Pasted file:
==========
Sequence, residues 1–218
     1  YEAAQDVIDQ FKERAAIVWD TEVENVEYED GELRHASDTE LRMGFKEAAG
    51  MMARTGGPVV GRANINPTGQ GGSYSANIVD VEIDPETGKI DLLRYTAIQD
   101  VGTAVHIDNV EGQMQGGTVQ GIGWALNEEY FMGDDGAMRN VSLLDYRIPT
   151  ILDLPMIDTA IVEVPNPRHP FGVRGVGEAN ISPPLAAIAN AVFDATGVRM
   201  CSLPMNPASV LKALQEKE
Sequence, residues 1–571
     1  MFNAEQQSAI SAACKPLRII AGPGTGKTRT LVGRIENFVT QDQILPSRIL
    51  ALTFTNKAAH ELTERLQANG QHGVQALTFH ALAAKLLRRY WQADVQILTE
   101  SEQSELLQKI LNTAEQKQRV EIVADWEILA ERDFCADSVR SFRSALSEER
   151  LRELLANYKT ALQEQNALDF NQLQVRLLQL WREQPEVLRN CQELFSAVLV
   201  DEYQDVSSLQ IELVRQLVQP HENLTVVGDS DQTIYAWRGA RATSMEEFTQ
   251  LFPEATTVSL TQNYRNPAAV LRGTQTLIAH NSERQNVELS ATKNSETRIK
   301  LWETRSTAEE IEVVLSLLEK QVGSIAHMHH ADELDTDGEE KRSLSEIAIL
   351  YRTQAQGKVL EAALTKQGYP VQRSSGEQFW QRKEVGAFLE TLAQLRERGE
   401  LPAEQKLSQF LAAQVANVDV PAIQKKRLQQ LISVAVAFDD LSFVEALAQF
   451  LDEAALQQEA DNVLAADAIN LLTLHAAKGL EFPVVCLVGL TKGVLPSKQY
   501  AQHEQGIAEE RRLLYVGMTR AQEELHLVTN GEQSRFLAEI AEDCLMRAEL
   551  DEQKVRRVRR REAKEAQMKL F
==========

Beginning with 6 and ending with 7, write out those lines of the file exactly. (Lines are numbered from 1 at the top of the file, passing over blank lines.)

   201  CSLPMNPASV LKALQEKE
Sequence, residues 1–571